Much as last week’s judicial decision on media concentration was a great victory, today’s ruling by the U.S. Court of Appeal for the D.C. Circuit — upholding the government’s 2001 antitrust settlement with Microsoft — was a terrible loss. Microsoft Prevails in Antitrust Appeal [InternetNews.com]. Not only because I was counsel to the appellants, as “third fiddle” behind former Judges Robert Bork and Ken Starr (renowned lawyers whether one agrees with their rather extreme politics), but more importantly because the court just failed to grasp the significance of the issues it was dealing with.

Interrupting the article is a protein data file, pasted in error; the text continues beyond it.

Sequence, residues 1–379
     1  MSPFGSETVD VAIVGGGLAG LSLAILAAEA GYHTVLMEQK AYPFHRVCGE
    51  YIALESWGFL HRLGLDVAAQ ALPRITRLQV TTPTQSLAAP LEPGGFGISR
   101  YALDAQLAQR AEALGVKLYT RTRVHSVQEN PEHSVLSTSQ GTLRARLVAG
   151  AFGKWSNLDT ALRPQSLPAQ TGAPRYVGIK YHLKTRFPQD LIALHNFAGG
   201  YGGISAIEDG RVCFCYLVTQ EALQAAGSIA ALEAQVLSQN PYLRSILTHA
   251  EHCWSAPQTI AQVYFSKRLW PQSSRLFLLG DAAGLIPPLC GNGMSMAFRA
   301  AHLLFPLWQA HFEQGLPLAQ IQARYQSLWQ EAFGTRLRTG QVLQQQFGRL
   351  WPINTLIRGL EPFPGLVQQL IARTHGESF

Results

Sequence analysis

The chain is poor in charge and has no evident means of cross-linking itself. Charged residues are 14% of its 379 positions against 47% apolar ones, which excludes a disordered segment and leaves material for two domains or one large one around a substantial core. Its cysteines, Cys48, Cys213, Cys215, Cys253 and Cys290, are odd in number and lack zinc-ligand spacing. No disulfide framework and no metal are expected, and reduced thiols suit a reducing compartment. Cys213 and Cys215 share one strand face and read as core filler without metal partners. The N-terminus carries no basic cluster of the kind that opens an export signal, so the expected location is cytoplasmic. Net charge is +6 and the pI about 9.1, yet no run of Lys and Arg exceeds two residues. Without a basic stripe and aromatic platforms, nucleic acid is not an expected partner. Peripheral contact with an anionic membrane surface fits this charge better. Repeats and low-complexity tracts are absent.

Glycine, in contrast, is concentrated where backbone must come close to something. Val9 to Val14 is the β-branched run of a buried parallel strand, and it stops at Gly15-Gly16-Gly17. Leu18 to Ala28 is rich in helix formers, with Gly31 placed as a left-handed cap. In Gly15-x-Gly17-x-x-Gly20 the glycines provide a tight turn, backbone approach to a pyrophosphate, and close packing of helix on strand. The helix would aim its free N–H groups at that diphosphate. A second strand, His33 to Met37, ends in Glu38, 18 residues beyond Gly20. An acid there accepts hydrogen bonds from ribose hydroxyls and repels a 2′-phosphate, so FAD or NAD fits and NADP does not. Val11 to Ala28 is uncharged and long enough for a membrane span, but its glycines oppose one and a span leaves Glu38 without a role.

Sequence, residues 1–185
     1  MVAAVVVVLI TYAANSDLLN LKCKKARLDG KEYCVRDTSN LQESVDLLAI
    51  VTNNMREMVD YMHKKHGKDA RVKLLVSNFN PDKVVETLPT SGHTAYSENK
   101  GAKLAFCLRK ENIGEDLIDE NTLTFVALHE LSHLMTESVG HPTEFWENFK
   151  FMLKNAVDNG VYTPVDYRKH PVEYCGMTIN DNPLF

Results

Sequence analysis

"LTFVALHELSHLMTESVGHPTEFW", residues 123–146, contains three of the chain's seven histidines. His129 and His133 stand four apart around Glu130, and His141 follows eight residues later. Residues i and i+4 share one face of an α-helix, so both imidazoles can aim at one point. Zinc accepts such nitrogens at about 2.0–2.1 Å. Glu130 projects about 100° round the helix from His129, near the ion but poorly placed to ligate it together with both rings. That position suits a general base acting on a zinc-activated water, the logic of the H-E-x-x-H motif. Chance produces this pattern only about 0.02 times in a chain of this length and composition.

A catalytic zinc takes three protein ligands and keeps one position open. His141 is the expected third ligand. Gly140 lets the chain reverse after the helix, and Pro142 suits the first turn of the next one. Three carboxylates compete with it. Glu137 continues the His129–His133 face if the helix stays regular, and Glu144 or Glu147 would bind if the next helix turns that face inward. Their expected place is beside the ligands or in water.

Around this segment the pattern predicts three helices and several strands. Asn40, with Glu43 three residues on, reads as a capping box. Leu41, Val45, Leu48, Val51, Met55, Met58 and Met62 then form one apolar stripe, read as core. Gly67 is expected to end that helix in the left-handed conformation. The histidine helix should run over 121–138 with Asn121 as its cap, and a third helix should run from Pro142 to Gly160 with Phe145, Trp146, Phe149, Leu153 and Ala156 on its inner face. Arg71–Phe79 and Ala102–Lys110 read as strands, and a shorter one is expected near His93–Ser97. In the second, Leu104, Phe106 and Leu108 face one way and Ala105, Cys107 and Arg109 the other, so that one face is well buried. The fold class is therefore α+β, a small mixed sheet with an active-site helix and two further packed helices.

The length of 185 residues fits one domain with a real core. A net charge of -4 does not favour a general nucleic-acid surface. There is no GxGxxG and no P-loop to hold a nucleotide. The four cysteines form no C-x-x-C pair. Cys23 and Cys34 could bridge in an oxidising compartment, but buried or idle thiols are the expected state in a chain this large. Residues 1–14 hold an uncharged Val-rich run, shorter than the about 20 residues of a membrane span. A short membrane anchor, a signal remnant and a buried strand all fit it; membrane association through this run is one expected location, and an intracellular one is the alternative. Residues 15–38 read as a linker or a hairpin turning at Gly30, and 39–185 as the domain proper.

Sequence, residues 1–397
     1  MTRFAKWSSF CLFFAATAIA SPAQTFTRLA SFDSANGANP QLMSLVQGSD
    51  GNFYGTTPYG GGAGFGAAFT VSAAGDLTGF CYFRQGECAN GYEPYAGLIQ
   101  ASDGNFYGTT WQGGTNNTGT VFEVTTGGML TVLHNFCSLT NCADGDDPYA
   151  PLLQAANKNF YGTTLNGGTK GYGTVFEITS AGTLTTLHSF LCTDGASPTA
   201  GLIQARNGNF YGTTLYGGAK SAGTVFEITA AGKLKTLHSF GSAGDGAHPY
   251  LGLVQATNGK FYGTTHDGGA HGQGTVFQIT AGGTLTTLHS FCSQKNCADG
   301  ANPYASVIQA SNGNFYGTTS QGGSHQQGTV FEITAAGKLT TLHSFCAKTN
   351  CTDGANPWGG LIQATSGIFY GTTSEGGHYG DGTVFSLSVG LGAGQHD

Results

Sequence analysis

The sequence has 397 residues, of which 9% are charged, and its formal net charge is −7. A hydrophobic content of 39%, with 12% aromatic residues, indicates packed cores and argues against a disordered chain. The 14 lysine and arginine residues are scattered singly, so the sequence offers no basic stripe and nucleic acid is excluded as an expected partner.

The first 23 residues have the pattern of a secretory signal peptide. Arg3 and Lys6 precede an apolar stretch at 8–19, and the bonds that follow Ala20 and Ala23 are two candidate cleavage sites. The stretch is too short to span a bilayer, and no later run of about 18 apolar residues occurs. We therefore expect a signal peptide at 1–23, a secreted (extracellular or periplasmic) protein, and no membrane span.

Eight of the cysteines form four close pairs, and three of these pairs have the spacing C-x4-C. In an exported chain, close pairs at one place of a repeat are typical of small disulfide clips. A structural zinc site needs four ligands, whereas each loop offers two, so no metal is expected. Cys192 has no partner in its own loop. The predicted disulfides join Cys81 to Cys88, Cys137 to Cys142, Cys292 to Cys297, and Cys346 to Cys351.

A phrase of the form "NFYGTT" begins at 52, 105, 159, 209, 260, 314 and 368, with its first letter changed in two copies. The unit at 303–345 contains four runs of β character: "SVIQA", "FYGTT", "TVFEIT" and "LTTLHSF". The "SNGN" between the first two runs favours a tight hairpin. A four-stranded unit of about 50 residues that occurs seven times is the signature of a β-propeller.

For instance, even though Microsoft was found to have unlawfully monopolized the PC operating system market by bundling Internet Explorer into Windows, the court ruled that a decree (i.e., a remedy) that does NOT require unbundling is adequate and in the “public interest.”
This is really bad news for antitrust enforcement and utilmately for consumers. The market has moved far beyond the “browser wars” between Netscape and Microsoft that gave rise to the case in 1995, but an end result that allows a convicted monopolist to do the same things to other upstarts — and thus squelch competition — that it did to drive Netscape from the market is inexplicable.